New Raccoon Attack Allow Hackers to Break SSL/TLS Encryption

Recently, a cybersecurity team has detected that the new Raccoon attack has allowed the attackers to break SSL/TLS encryption. A raccoon is a scheduled vulnerability in the TLS stipulation that usually strikes the HTTPS and many other services that depend on SSL and TLS. 

Raccoon vulnerabilities employ in very particular conditions and are quite difficult to administer. But software experts have issued patches to prevent potential attackers from gaining the advantage of this loophole.

Data Involved 

Since the Raccoon is a very complex vulnerability, and there are some rare cases where Raccoon enables an attacker to decrypt the connection that is connecting the users and the server.

Moreover, the data that are involved in this vulnerability are:- 

  • Usernames
  • Passwords
  • Credit card numbers
  • Emails
  • Instant messages
  • Other sensitive documents

Vulnerable Targets

According to the report that has been given by the cybersecurity experts, the vulnerability has targetted the Diffie-Hellman key exchange in TLS 1.2, and here are the two prerequisites used by the attackers for the attack:-

The server reuses the public DH keys in the TLS handshake. In this situation, if the server is configured to utilize the static TLS-DH cipher suites, then the server uses ephemeral cipher suites (TLS-DHE) and reuses ephemeral keys for various connections.

While on the other hand, the attacker can perform accurate timing measures, as it will enable him/her to obtain whether the first byte of the DH shared confidential starts with zero or not.

Is Your Browser or Client Vulnerable?

The experts have affirmed that Raccoon is not a client-side vulnerability; that’s why here the clients have no rights; all they can do is not to support DH(E) cipher suites. And all morden suites should not support these cipher suites anymore.

Protocols affected

The experts have listed the protocols that have been affected by this vulnerability, and here they are mentioned below:-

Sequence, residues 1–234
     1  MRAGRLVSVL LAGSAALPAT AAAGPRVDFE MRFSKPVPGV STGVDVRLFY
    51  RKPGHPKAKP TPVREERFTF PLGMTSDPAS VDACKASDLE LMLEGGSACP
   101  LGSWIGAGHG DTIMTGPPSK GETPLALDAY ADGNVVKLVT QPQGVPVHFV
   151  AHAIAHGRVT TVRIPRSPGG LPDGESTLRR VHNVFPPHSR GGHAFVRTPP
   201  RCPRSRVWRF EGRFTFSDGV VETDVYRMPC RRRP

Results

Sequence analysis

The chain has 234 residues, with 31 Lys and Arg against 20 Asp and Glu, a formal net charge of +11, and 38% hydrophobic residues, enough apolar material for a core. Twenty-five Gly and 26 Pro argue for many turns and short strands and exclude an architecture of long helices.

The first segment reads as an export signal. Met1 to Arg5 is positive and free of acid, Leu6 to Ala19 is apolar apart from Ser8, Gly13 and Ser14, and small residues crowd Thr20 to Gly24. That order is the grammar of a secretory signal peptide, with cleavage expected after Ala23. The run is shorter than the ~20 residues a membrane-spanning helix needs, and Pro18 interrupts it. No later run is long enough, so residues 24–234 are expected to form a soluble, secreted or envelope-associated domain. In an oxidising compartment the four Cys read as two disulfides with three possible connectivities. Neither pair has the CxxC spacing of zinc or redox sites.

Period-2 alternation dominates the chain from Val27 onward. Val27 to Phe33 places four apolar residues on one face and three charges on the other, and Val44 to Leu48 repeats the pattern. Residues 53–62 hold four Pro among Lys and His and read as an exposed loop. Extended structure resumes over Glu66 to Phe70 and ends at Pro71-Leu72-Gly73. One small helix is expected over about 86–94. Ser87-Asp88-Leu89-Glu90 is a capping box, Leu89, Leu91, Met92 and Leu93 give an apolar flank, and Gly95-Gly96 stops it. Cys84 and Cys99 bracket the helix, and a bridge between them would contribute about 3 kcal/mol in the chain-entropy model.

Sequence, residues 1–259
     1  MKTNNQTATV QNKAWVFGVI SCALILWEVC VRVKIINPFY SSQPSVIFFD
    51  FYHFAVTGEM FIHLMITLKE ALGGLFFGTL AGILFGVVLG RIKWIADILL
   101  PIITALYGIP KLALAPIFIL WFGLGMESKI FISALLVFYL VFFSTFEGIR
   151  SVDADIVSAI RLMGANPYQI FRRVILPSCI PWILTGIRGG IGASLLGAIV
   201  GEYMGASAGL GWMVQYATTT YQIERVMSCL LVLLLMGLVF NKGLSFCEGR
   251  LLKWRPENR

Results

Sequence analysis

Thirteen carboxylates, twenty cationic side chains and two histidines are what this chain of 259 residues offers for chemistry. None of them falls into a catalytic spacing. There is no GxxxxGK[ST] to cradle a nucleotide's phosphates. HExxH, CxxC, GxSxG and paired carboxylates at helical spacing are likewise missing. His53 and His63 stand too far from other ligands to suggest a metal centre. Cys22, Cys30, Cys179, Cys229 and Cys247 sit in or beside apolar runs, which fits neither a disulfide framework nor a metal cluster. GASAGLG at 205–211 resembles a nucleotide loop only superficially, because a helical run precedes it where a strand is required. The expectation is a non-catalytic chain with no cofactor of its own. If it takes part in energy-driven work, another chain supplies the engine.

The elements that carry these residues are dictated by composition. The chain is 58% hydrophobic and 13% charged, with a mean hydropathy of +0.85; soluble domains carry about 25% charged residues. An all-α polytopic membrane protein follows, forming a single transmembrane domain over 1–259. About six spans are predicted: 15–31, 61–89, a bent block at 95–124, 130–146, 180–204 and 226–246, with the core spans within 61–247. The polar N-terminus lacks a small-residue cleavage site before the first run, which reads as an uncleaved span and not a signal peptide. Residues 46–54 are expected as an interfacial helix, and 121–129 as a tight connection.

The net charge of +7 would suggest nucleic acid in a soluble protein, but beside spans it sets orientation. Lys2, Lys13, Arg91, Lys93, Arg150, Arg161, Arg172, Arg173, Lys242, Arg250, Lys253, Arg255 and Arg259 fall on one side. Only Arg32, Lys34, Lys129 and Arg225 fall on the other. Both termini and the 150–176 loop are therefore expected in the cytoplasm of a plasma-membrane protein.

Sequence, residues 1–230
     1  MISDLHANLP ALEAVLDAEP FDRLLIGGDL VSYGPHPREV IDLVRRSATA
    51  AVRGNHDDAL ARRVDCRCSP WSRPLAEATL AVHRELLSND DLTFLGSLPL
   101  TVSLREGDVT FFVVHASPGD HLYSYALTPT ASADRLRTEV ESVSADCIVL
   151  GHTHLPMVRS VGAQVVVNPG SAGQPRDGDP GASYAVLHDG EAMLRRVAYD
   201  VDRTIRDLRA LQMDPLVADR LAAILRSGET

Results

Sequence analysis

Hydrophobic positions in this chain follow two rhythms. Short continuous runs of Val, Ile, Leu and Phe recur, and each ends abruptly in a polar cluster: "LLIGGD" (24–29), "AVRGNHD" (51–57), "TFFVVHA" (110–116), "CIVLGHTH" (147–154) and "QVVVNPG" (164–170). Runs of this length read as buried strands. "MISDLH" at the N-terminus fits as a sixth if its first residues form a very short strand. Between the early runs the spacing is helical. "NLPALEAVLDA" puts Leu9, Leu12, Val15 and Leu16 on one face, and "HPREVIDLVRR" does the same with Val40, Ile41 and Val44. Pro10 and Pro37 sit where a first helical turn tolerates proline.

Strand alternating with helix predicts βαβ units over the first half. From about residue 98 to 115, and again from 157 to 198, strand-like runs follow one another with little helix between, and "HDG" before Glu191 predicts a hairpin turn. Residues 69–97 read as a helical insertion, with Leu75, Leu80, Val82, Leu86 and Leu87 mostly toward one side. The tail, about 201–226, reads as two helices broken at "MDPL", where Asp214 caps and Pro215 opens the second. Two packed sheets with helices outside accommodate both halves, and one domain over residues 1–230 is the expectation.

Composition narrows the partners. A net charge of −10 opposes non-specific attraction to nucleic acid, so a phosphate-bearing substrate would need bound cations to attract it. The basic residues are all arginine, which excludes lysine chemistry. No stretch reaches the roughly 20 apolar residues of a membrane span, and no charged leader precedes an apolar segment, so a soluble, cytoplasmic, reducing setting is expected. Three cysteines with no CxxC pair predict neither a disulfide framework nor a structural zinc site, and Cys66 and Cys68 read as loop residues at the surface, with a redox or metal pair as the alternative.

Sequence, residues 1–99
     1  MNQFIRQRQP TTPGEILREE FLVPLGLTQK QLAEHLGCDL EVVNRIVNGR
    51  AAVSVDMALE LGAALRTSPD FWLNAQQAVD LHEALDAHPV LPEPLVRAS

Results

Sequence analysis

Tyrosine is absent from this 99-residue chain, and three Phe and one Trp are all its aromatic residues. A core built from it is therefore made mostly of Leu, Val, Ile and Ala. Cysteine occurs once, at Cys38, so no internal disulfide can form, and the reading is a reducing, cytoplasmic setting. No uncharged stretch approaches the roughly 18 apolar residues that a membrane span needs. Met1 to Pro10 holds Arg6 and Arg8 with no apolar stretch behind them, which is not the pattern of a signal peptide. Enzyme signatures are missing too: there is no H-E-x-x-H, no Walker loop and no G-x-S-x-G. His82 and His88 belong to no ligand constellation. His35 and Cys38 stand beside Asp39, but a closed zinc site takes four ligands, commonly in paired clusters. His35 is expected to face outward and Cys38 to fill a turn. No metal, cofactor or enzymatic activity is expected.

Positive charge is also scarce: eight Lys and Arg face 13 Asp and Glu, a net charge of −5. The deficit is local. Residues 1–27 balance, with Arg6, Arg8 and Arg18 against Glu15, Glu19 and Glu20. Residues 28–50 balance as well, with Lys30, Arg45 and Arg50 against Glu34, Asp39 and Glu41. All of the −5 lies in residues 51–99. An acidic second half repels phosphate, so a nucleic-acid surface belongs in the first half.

• TLS: Yes, affected. (1.2 and previous versions)
  • ECDH: Not affected.
  • DTLS: Yes, affected.

How Did Vendors Respond to This Flaw?

  • The F5 has named this vulnerability as CVE-2020-5929, and they suggested all the users patch their products or to enforce regulation of fresh ephemeral keys. 
  • The OpenSSL named this vulnerability as CVE-2020-1968, and it always uses the fresh DH keys per default since version 1.0.2f. That’s why the attack essentially affected OpenSSL 1.0.2 when a DH authentication is in use. To mitigate the attack, the developers migrated all remaining DH cipher suites into the “weak-ssl-ciphers” list.
  • The Mozilla named this issue as CVE-2020-12413, and it has determined this issue by impairing DH and DHE cipher suites in Firefox.
  • Microsoft named this issue as CVE-2020-1596, and they have asserted that all their prior information has been given on their official website.

The Raccoon vulnerability is an adaptive chosen-ciphertext that exploits server performance and variations by treating RSA PKCS#1 v1.5 messages. However, this vulnerability is very similar to Bleichenbacher’s attack.

Apart from this, not only Raccoon but many protocols are using the DH keys exchange to attack the users; JSON Web Encryption only allows ECDH key agreement and the XML Encryption and IPsec process preceding the zero bytes.

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BALAJI is an Ex-Security Researcher (Threat Research Labs) at Comodo Cybersecurity. Editor-in-Chief & Co-Founder - Cyber Security News & GBHackers On Security.